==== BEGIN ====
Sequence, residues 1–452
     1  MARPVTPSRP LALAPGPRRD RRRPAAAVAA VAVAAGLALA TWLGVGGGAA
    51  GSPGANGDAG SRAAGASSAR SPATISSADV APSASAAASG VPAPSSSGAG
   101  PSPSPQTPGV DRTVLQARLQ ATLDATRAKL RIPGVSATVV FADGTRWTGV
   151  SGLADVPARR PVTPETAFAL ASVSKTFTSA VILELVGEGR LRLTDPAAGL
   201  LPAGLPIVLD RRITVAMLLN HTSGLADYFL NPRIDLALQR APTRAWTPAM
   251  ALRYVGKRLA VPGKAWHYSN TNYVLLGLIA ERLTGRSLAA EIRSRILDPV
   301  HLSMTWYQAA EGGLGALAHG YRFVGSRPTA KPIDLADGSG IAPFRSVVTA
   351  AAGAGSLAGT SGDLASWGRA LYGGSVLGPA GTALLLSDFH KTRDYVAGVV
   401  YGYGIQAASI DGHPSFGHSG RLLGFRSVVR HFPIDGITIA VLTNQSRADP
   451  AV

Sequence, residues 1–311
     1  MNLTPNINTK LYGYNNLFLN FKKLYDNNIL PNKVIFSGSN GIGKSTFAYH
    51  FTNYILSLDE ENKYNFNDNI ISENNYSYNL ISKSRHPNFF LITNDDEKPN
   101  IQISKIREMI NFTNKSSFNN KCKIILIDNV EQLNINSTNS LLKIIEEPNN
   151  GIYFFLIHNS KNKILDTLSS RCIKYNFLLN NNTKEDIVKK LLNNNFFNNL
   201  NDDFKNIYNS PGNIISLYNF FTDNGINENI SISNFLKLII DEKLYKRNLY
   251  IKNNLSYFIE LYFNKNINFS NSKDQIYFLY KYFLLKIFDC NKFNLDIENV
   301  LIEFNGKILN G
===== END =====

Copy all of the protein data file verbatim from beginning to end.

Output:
Sequence, residues 1–452
     1  MARPVTPSRP LALAPGPRRD RRRPAAAVAA VAVAAGLALA TWLGVGGGAA
    51  GSPGANGDAG SRAAGASSAR SPATISSADV APSASAAASG VPAPSSSGAG
   101  PSPSPQTPGV DRTVLQARLQ ATLDATRAKL RIPGVSATVV FADGTRWTGV
   151  SGLADVPARR PVTPETAFAL ASVSKTFTSA VILELVGEGR LRLTDPAAGL
   201  LPAGLPIVLD RRITVAMLLN HTSGLADYFL NPRIDLALQR APTRAWTPAM
   251  ALRYVGKRLA VPGKAWHYSN TNYVLLGLIA ERLTGRSLAA EIRSRILDPV
   301  HLSMTWYQAA EGGLGALAHG YRFVGSRPTA KPIDLADGSG IAPFRSVVTA
   351  AAGAGSLAGT SGDLASWGRA LYGGSVLGPA GTALLLSDFH KTRDYVAGVV
   401  YGYGIQAASI DGHPSFGHSG RLLGFRSVVR HFPIDGITIA VLTNQSRADP
   451  AV

Sequence, residues 1–311
     1  MNLTPNINTK LYGYNNLFLN FKKLYDNNIL PNKVIFSGSN GIGKSTFAYH
    51  FTNYILSLDE ENKYNFNDNI ISENNYSYNL ISKSRHPNFF LITNDDEKPN
   101  IQISKIREMI NFTNKSSFNN KCKIILIDNV EQLNINSTNS LLKIIEEPNN
   151  GIYFFLIHNS KNKILDTLSS RCIKYNFLLN NNTKEDIVKK LLNNNFFNNL
   201  NDDFKNIYNS PGNIISLYNF FTDNGINENI SISNFLKLII DEKLYKRNLY
   251  IKNNLSYFIE LYFNKNINFS NSKDQIYFLY KYFLLKIFDC NKFNLDIENV
   301  LIEFNGKILN G